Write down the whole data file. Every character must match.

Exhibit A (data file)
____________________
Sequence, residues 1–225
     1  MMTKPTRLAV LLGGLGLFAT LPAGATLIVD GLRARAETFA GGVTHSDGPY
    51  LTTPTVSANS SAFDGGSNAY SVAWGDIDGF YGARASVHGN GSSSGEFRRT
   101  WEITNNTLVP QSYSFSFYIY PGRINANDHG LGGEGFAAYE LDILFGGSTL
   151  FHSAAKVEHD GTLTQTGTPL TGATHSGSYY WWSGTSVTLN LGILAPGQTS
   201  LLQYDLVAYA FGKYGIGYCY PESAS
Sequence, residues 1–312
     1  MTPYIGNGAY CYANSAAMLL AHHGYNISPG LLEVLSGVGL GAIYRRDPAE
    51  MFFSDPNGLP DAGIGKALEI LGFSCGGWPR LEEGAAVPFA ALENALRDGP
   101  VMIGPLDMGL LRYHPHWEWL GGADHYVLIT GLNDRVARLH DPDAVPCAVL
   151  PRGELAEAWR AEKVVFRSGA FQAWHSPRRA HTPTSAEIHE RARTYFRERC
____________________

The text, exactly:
Sequence, residues 1–225
     1  MMTKPTRLAV LLGGLGLFAT LPAGATLIVD GLRARAETFA GGVTHSDGPY
    51  LTTPTVSANS SAFDGGSNAY SVAWGDIDGF YGARASVHGN GSSSGEFRRT
   101  WEITNNTLVP QSYSFSFYIY PGRINANDHG LGGEGFAAYE LDILFGGSTL
   151  FHSAAKVEHD GTLTQTGTPL TGATHSGSYY WWSGTSVTLN LGILAPGQTS
   201  LLQYDLVAYA FGKYGIGYCY PESAS
Sequence, residues 1–312
     1  MTPYIGNGAY CYANSAAMLL AHHGYNISPG LLEVLSGVGL GAIYRRDPAE
    51  MFFSDPNGLP DAGIGKALEI LGFSCGGWPR LEEGAAVPFA ALENALRDGP
   101  VMIGPLDMGL LRYHPHWEWL GGADHYVLIT GLNDRVARLH DPDAVPCAVL
   151  PRGELAEAWR AEKVVFRSGA FQAWHSPRRA HTPTSAEIHE RARTYFRERC